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Critics report: Daniel Craig's Skyfall rocks

Starring Daniel Craig as 007 for a third time, Oscar-winning director Sam Mendes has hit the bull's eye with Skyfall. Judi Dench takes centre stage and 007 faces a terrifying blond-off with Javier Bardem in a supremely enjoyable 50th anniversary outing.

hollywood Updated: Nov 02, 2012 14:24 IST

Starring Daniel Craig as 007 for a third time, Oscar-winning director Sam Mendes has hit the bull's eye with Skyfall. Judi Dench takes centre stage and 007 faces a terrifying blond-off with Javier Bardem in a supremely enjoyable 50th anniversary outing.

Cast: Daniel Craig, Javier Bardem, Judi Dench, Ralph Fiennes, Naomie Harris, Bérénice Marlohe, Albert Finney

Reviewer: Jenny McCartney, The Telegraph
Rating: ****

The new James Bond film, Skyfall, makes much of the fact that 007 is getting older: he gets shot, he nearly drowns, his recovery times are slower and his marksmanship skills are flagging. What remains of him is will, a force that Daniel Craig - a man who appears to have sinews in his eyeballs - is well placed to express.

It is not a perfectly structured film: the final third sprawls and drags a little, and a cynic might reflect – without giving too much away – that Bond himself is developing a tendency to risk and promise much without successfully delivering. But it’s far from dull, and for much of the time, it dazzles.

Reviewer: Peter Bradshaw, The Guardian

Rating: ****

This is the seventh time Judi Dench has played the enigmatic spy-chief M. But it is only in this storming new Bond movie that her M has really been all that she could be. Under the stylish direction of Sam Mendes, Dench's M is quite simply the Bond girl to end all Bond girls.

The 50th anniversary of the big-screen Bond was the right time to pull off something big. Skyfall is a hugely enjoyable action spectacular, but more grounded and cogent than the previous and disappointing outing, Quantum of Solace. It finds the right position on the spectrum between extravagance and realism: what I think of as the imaginary line running from Bond's invisible car in Die Another Day and Peter Guillam's Citroën DS in Tinker Tailor Soldier Spy. Jonathan Romney, The Independent

'Were you expecting an exploding pen? We don't really go in for that any more," says MI6 quartermaster Q to James Bond, as he presents him with some basic field kit – a gun and a radio transmitter. Skyfall is the third in the relaunched series of back-to-basics Bond, stripping away the flashier absurdities of old.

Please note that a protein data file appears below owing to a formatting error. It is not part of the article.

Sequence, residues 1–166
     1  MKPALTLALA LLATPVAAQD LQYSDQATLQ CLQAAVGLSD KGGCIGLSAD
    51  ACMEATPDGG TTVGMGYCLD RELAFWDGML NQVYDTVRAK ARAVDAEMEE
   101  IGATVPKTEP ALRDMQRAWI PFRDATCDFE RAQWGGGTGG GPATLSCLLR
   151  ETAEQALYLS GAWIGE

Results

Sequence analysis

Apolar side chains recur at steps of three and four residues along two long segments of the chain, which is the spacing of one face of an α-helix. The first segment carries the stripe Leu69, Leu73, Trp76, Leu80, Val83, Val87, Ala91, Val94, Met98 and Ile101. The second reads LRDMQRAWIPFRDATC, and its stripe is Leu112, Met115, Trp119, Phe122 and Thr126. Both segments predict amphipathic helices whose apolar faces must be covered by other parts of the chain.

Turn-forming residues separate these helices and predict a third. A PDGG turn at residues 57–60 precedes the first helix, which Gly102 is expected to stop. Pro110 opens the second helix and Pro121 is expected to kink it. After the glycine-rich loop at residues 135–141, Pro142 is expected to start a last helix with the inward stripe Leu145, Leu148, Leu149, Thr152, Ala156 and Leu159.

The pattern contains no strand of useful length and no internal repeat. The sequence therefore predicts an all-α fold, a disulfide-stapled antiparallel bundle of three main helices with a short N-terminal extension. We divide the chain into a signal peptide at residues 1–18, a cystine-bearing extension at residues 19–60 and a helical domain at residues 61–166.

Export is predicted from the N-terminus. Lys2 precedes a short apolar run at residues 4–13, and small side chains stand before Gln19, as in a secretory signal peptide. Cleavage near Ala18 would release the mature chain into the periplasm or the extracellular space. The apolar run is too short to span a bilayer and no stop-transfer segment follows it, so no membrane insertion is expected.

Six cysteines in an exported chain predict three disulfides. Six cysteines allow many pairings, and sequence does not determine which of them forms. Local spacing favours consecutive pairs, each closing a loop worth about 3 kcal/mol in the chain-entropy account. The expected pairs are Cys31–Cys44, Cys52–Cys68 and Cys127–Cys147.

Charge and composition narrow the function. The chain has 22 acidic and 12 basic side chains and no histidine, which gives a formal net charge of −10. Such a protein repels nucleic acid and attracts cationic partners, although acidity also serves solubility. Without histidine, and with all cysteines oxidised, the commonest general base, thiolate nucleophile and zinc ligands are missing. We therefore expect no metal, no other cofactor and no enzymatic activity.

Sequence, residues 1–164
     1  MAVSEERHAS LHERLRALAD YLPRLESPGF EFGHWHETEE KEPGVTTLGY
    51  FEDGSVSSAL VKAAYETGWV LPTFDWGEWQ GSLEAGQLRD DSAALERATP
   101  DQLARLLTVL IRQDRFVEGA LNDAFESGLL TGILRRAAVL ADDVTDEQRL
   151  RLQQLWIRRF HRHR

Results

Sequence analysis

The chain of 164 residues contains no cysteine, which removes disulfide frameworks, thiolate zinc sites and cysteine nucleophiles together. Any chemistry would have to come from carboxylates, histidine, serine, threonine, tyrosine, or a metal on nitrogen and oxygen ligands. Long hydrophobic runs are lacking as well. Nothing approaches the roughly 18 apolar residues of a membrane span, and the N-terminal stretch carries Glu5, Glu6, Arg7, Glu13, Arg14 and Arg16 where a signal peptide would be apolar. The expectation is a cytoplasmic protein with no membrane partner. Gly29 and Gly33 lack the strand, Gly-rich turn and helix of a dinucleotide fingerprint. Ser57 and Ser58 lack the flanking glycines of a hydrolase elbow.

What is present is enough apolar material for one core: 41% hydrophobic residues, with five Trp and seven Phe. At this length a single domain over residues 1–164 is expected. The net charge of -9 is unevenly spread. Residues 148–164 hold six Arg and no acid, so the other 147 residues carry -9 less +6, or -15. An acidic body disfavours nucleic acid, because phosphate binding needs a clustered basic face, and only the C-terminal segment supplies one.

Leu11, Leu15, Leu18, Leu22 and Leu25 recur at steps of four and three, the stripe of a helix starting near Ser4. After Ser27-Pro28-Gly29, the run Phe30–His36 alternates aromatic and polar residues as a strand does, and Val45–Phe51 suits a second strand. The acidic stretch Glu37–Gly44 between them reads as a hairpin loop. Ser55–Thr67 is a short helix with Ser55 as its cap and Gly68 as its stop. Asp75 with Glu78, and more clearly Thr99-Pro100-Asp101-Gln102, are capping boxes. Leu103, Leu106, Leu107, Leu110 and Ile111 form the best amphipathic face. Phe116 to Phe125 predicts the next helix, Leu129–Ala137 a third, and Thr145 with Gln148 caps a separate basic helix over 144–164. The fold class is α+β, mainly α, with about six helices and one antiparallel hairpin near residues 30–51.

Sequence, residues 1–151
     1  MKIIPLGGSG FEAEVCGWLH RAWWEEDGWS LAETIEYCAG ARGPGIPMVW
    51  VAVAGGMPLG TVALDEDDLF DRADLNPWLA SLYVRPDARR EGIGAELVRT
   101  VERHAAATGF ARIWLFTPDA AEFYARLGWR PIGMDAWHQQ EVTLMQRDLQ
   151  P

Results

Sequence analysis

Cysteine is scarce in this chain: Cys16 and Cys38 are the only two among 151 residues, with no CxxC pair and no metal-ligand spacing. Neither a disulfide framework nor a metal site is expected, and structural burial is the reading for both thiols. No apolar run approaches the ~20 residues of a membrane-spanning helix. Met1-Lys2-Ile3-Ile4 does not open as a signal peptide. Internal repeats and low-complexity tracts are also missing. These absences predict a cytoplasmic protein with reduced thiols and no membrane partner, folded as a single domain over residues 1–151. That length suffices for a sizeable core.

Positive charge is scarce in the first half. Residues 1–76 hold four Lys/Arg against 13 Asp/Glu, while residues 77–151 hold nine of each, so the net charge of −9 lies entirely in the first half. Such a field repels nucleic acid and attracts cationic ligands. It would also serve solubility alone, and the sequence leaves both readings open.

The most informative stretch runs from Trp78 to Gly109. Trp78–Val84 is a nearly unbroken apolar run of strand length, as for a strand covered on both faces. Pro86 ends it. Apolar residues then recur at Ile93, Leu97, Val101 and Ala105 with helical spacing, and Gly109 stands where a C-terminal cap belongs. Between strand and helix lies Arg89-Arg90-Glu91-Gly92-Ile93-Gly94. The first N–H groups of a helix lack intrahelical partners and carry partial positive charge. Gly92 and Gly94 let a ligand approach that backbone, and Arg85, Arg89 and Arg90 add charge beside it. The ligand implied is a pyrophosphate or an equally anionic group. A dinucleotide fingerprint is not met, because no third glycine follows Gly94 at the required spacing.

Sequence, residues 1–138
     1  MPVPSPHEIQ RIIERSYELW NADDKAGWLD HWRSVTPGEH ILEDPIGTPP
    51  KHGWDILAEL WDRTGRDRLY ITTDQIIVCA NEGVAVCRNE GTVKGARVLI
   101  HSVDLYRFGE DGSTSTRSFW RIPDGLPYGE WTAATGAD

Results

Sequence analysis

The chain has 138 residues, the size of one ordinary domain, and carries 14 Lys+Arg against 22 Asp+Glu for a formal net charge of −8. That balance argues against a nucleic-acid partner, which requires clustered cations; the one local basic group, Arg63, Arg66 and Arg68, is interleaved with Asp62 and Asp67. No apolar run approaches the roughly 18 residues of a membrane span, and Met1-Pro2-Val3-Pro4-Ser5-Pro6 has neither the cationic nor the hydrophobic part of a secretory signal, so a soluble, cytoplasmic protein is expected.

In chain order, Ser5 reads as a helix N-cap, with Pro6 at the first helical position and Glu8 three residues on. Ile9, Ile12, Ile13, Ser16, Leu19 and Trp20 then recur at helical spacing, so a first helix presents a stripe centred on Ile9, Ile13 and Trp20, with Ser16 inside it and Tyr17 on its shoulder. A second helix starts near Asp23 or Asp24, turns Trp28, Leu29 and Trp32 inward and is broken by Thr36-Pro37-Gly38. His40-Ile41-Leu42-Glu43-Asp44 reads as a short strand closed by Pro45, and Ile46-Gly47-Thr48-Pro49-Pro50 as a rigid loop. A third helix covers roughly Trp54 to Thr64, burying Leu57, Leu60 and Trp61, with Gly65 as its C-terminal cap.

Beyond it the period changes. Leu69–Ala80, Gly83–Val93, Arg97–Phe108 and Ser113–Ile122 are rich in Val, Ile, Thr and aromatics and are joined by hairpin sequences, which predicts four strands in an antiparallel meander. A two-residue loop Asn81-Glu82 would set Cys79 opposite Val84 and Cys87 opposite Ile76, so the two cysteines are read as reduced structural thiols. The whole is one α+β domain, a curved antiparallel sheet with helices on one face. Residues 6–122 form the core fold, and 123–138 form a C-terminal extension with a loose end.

I didn't much care for the new approach in 2006's reboot episode, Casino Royale, which struck me as joyless and brutish. But Skyfall, which sees the series entrusted to the prestigious hands of Sam Mendes, puts fire back into the old formula. It takes the 007 legacy seriously, and gives us all the quintessential ingredients, without the coy self-mockery that dogged the series at its weakest. Here's an intelligent, narratively propulsive Bond, the freshest, most entertaining episode in ages.

Reviewer: Deborah Ross, The Spectator

Skyfall is the latest James Bond film, as directed by Sam Mendes, which I felt I should make clear, as there is always so little pre-publicity around these releases. (You’d think the marketing people would splatter the poster on every bus and ensure every newspaper runs through every Bond Girl yet again, wouldn’t you? Pathetic.) But, now it has quietly sneaked up on us, is it any good? Yes, it is rather. It takes up the baton which Casino Royale proffered but Quantum of Solace dropped.

There are longueurs in this film and, as I’m not an action fan, I found the action scenes went on for far, far too long, but as an attempt to fill in Bond as a character, rather than just make the same film over, Mendes has succeeded, I think.

Reviewer: Baz Bamigboye, Daily Mail
Rating: *****

Bond is back and he's more dangerous than ever but so is M who is the most ruthless character in Skyfall. As played by Dame Judi Dench, the security services chief is like a lioness in winter as she prowls her office ordering an agent to 'take the bloody shot', a move that puts Daniel Craig's craggy James Bond in grave danger.

A sinister force from M's past, played with delicious relish by Javier Bardem, has stolen the identities of M's agents.

Reviewer: The Times

Rating: *****

Skyfall is a great British bulldog of a movie. From the moment the orchestral sound of Adele belts out, sending a nostalgic shiver down the audience’s collective spine, we know this will be a triumphant return to classic Bond. Sam Mendes, the director, deftly balances fanboy worship of 007 tradition with sophisticated film-making, and (apart from early Connery), nobody does it better than Daniel Craig.

Craig is back for a third time on craggy, witty, world-weary form; steely and tightly tailored, while M moves to centre stage as the plot thickens deliciously. Todd McCarthy, The Hollywood Reporter

Daniel Craig returns for his third turn as the British secret agent in a new James Bond story from director Sam Mendes. The movie James Bond is now 50 years old and wearing his years very well in Skyfall.

The most significant reset of the 23-film series that's unconnected to a change of the actor playing 007, this long-awaited third outing for Daniel Craig feels more seriously connected to real-world concerns than any previous entry, despite the usual outlandish action scenes, glittering settings and larger-than-life characters.

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